By Ross Clark and Connor Park
ALMOST 65,000 Scots aged 60 and over feel lonelier during the festive period according to Age Scotland.
A number of reasons have been cited for this alarming statistic with the likes of bereavement and immobility topping the list.
The study, carried out last month, showed just how big an issue loneliness is within Scotland.
It showed the severity of the situation with an estimated 200,000 older Scots spending half a week or more with no visits or phone calls from anyone.
A total of 86% of those quizzed also said that more help should be available for older people who suffer from loneliness.
The Scottish Government is to develop a national strategy to help tackle the issue which is particularly in the public eye at this time of year.
Voluntary Action South Ayrshire (VASA) have had their say on the findings from the study. The sector plays a key role in ensuring progress to volunteering development, social enterprise development, supporting and developing a strong third sector relationship and building this with community planning.
Lynn Anderson, VASA Development Manager, spoke of the various initiatives that have been undertaken within the organisation to try and prevent loneliness this Christmas.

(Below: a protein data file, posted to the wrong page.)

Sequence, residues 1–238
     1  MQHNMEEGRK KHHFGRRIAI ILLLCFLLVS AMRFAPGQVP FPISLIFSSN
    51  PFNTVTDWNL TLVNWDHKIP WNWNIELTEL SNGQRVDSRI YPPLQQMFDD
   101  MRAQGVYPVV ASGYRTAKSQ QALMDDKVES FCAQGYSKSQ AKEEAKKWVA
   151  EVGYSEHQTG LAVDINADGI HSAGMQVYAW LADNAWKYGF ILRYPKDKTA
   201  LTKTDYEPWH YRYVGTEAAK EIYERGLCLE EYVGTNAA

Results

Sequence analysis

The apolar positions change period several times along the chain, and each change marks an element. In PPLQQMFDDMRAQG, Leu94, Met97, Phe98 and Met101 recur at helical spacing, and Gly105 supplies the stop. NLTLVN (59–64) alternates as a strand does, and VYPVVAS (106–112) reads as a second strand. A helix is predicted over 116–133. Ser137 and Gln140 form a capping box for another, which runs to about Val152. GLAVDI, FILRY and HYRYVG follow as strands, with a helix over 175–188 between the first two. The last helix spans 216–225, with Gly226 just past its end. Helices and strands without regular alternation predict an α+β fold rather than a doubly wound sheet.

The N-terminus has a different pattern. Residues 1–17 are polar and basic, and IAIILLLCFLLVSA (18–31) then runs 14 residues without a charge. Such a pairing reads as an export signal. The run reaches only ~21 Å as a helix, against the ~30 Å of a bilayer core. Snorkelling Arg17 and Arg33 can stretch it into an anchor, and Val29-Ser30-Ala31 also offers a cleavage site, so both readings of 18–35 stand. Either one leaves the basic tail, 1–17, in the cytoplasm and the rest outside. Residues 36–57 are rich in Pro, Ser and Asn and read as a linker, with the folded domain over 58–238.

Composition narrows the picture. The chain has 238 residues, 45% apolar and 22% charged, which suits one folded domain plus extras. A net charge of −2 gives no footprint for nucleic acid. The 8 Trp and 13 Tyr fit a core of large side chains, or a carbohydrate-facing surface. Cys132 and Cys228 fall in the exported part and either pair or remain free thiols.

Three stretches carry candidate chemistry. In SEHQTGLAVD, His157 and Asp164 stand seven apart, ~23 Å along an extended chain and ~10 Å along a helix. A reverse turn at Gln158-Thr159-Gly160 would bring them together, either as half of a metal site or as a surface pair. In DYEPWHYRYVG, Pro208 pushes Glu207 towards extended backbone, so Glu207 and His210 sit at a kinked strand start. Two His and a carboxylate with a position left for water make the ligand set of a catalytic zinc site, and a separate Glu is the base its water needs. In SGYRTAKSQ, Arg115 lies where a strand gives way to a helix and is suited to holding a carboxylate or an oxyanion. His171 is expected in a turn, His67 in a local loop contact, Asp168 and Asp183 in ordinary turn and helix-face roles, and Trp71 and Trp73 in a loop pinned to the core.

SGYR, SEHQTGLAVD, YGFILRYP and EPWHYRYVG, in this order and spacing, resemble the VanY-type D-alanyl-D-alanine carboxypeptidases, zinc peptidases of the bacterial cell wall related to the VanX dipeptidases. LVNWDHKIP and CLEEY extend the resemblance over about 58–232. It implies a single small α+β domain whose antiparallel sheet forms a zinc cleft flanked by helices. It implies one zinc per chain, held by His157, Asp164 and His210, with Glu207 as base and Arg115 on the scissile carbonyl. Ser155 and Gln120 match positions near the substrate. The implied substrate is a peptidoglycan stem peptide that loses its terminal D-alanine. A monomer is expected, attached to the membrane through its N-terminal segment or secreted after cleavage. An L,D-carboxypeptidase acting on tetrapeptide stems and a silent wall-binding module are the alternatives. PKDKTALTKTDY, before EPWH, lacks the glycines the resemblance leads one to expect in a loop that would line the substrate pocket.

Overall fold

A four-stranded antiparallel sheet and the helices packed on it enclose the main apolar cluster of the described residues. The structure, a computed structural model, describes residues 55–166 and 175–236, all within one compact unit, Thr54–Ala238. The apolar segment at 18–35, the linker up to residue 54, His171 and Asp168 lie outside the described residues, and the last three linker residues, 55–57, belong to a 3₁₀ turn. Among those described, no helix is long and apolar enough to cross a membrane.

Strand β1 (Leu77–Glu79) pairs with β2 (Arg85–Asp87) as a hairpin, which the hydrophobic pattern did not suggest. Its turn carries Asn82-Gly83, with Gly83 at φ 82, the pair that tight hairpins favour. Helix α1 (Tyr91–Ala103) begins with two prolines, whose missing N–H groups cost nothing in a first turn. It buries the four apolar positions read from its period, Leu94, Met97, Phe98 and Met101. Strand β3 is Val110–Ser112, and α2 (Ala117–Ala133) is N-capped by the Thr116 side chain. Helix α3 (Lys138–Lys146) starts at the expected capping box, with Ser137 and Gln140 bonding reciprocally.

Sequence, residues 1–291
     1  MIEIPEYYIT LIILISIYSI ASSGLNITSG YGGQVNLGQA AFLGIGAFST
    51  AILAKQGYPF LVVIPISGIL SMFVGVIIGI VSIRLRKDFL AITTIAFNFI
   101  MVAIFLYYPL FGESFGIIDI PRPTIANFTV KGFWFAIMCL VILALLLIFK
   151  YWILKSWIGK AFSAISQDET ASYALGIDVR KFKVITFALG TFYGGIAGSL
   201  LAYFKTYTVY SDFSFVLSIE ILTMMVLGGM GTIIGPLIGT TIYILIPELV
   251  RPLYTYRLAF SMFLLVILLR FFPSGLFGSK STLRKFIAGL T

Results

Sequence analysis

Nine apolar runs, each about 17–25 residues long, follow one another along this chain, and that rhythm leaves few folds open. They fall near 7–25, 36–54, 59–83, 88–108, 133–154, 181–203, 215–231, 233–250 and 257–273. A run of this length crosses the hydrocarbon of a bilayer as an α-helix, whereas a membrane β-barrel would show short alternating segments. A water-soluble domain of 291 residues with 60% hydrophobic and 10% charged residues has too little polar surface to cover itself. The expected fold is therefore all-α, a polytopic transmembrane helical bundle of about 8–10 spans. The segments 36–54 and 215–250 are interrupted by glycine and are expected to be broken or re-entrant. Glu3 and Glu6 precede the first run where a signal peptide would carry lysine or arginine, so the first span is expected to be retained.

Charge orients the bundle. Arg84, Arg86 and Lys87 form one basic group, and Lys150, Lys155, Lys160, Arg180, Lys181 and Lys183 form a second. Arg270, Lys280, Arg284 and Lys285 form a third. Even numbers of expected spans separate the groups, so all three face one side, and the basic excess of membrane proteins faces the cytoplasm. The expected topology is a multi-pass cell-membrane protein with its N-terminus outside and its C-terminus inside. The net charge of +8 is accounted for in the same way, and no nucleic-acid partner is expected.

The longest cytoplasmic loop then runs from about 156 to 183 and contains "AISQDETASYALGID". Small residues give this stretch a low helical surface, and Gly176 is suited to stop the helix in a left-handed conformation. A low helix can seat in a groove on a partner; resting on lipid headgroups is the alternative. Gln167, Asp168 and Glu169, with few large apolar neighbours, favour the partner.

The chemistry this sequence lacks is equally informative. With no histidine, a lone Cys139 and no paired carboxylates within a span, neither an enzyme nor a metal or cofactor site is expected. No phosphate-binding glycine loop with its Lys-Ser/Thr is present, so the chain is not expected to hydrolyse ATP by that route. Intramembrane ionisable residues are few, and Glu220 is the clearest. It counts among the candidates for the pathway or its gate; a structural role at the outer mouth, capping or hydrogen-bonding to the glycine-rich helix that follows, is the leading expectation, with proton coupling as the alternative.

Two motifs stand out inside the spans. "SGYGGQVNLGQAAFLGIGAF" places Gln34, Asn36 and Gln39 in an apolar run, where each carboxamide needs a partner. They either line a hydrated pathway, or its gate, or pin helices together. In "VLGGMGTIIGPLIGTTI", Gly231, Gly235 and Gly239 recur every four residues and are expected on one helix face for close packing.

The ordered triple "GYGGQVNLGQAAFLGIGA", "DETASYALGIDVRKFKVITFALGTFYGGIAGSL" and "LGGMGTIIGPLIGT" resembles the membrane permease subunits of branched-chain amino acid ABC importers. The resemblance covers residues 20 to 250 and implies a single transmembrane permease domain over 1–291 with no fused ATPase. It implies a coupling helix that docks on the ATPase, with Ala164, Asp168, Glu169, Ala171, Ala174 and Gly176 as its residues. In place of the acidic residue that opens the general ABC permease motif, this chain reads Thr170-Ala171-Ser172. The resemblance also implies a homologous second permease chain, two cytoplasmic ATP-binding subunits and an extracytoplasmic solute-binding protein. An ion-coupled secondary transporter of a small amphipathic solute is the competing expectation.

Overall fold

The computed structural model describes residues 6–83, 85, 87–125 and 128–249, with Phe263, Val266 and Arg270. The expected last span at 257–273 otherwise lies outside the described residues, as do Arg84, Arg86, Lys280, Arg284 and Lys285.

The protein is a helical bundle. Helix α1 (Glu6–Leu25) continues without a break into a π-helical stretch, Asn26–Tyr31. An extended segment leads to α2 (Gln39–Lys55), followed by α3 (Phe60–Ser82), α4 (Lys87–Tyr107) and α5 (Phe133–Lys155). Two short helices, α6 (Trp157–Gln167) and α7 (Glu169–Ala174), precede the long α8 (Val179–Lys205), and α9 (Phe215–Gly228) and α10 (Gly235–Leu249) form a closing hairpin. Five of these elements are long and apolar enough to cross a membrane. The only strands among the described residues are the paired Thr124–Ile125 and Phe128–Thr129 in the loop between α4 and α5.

She said: “It’s an alarming statistic going on what we do. Our CEO, Marie Oliver is in her 15th year of providing a Christmas Day dinner, entertainment and a gift for older people who would otherwise be alone.
“As an organisation we cater for 80 people on Christmas Day and that’s only within a small radius in South Ayrshire.
“We find that during the holidays and festive period we become more acutely aware of social isolation and Sunday’s throughout the year are a big time for loneliness too.”
VASA are striving not just at Christmas time, but all year round to try and reduce social isolation with a number of social enterprise and community initiatives.
She added: “We have a facility called ‘The Book n Bun’ where we are looking to bring in activities on top of what we run on a Monday – Friday.
“We always think of social isolation for older folk, that’s the priority area, but we need to consider other groups as well. There are younger people that can be lonely, people that have come back to an area and unemployed people can be isolated too.
“We are in touch with GP’s who are telling us that they are the only person people are getting the chance to speak to so they are making appointments when their isn’t a medical prescription required. Instead we are taking over and sign posting them to the right places.”